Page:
A recent announcement from Microsoft should make it easier to convince Windows XP users to upgrade to the latest version of its operating system. For a while now, the company has been working on a Windows XP Mode for Windows 7 that will enable Windows 7 to run applications that were designed for Windows XP using virtualization. Sources familiar with the product recently revealed this application compatibility mode is built upon the Virtual PC technology Microsoft acquired in 2003 from the assets of Connectix.
Windows XP Mode has also been known as XPM, Virtual Windows XP, Virtual XP, and VXP. Windows XP Mode is built on the next generation of Microsoft Virtual PC 7 product line which requires Intel or AMD processor-based virtualization support to be present and enabled on the PC. Windows XP Mode is a host-based virtualization solution like Virtual PC.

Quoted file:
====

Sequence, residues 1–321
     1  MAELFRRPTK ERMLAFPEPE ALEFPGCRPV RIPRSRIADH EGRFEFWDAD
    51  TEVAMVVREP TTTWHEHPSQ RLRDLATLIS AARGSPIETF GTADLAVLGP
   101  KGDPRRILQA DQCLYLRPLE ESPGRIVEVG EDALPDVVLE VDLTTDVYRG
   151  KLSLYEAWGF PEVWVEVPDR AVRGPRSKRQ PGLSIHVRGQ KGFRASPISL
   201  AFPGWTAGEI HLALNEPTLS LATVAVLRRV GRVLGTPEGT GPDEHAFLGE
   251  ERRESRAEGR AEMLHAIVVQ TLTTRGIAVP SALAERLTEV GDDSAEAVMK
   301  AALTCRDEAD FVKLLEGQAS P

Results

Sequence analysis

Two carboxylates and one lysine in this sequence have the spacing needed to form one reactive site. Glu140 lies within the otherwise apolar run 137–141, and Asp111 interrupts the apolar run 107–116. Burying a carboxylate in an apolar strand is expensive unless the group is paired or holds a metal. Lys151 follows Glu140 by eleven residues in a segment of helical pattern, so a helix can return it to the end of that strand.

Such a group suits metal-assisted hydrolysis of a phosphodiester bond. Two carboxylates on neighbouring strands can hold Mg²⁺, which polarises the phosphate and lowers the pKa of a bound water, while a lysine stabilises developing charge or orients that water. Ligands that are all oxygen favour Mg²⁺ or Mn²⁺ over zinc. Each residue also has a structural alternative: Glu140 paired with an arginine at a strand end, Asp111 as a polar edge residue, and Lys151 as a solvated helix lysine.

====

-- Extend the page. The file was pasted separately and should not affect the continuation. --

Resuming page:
By adding a compatibility mode into Windows 7, Microsoft is addressing one of the key shortcomings of Vista—compatibility issues with older software. The new feature has not been included in the beta version of Windows 7 but is expected to be available with the upcoming release candidate version. On Friday, Microsoft said it will provide the release candidate to developers next week and publicly on May 5.
As of right now, it appears the XP compatibility mode won’t come in the box with Windows 7. Instead, it will be made available as a free download for users with the professional, enterprise, or ultimate versions of Windows 7. Windows XP Mode will not require you to run the virtual environment as a separate Windows desktop. As a result, users will be able to run Windows XP-based applications alongside Windows 7 applications under a single desktop.
Windows XP Mode will make a big difference for Windows moving forward. By removing the burden of legacy application compatibility from the OS, Microsoft will be able to strip away dead technology from future versions of Windows at a faster rate because customers will be able to run older applications in Windows XP Mode.
Prior to the Windows XP Mode announcement, Microsoft could only claim that Windows 7 would be at least as compatible as Windows Vista was. Now, Microsoft can claim almost complete compatibility with Windows XP.